There is a dynamic I call the ‘triangle of dysfunction’ which includes a victim, a villain and a hero. What can happen in difficult situations is there is one person who is victimized, either by themselves or by others. In the case of addiction, it could be the addict who is struggling to overcome their addiction. The young addict’s parents become completely consumed with how to help their kid get healthy and overcome their addiction. There are often times when the parents do not always agree on what to do. Certainly this can happen when the parents are still married and can be complicated if the parents are divorced. When the addict does something that results in serious consequences like getting arrested for possession of illegal drugs it can be difficult to determine what to do. When the call comes to the parents to help ‘bail me out of jail’ it is a very difficult situation. On one hand you do not want your child to be in jail and on the other hand you know that they need to take responsibility for their actions. If one parent says ‘no’ I won’t bail you out, and then the other parent says ‘yes’ I’ll bail you out. The one who says ‘no’ becomes the villain and the one who says ‘yes’ becomes the hero.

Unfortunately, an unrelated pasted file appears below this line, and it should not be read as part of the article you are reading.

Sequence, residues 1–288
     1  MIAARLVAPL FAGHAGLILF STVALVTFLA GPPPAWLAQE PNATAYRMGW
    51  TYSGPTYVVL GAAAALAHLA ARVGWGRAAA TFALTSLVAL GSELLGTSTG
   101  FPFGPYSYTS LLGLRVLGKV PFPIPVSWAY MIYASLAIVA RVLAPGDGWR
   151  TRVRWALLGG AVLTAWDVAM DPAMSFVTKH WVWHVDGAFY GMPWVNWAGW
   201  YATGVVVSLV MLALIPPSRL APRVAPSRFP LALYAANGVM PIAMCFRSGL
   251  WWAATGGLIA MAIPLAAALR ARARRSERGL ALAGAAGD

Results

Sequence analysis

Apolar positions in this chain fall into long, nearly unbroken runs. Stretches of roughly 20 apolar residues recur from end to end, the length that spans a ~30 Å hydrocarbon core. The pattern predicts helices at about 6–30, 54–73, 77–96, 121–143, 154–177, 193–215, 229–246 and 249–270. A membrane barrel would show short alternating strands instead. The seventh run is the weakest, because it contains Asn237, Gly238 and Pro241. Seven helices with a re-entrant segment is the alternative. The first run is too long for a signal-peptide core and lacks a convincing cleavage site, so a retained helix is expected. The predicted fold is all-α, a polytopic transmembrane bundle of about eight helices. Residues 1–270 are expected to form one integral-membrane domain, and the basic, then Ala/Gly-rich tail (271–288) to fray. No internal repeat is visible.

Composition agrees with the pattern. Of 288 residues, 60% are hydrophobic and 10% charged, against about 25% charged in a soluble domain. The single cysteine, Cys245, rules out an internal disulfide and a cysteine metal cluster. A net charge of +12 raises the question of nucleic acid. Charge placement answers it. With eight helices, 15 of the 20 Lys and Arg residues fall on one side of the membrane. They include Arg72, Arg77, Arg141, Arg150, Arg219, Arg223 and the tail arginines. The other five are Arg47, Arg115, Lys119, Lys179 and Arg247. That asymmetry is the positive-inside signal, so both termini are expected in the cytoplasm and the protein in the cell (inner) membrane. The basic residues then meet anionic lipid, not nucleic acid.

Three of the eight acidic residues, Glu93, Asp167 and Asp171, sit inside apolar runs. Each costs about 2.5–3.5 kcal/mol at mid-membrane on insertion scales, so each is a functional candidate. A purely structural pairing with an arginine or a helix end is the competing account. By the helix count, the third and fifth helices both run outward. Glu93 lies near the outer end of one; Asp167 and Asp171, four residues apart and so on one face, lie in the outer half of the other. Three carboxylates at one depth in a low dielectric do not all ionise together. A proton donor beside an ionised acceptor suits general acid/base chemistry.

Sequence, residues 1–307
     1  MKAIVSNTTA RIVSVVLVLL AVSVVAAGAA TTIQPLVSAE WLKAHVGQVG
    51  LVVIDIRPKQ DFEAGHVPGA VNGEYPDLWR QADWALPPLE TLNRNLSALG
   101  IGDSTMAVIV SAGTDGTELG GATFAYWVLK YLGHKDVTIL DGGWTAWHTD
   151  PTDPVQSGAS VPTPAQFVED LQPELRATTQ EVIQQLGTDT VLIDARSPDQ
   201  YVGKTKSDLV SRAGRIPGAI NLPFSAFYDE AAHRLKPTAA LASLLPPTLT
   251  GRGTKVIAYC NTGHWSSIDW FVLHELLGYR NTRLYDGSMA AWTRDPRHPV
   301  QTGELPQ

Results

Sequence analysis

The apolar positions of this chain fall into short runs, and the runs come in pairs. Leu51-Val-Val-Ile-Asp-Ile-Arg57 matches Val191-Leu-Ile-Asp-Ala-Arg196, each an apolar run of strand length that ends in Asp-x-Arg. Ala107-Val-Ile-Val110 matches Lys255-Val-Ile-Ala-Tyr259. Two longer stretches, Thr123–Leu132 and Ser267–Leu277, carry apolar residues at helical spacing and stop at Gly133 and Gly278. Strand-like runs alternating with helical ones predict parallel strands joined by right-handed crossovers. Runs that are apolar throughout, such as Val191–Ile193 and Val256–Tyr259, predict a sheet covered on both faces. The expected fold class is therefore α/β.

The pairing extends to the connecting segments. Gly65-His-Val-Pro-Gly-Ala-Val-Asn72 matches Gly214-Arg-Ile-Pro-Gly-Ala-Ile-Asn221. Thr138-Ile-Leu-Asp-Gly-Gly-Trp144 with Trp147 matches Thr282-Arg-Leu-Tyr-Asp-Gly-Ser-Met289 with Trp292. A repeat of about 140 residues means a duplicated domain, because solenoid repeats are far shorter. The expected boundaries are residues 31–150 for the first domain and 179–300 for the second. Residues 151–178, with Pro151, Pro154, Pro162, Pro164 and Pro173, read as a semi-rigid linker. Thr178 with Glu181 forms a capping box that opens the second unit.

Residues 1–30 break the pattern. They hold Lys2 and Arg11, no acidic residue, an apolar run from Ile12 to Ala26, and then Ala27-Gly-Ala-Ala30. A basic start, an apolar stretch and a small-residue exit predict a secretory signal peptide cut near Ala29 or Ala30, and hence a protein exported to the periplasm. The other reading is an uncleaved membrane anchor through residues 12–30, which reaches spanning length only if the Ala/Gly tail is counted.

I’m not going to lobby for which is the ‘right’ thing for the parents to do, but I will lobby that an agreement gets made together to avoid the ‘triangle of dysfunction’. By banding together and discussing the possible ways to handle the response and giving a united front to your kid or young adult you will avoid the chance of being played against one another. It will also show your loved one that you care enough to work together and that you are consistent. By giving different answers or reversing decisions of one parent creates a disruptive and erratic family dynamic. Keep in communication and try to agree together whenever possible. It will foster a positive relationship for all involved.
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